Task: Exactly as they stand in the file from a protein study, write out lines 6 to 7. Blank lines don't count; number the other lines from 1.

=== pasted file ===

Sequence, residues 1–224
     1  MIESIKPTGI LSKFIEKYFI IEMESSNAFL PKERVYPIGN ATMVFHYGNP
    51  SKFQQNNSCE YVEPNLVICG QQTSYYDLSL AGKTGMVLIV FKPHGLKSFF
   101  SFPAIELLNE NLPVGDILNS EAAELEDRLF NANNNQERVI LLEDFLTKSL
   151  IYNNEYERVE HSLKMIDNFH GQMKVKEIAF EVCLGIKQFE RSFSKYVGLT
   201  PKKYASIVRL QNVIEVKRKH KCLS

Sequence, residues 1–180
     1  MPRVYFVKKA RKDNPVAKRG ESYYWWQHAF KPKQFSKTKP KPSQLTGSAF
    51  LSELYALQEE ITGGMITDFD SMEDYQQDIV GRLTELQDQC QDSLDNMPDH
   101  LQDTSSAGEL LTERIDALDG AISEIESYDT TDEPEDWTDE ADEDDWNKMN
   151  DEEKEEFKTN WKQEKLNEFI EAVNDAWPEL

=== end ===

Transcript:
   201  PKKYASIVRL QNVIEVKRKH KCLS

Sequence, residues 1–180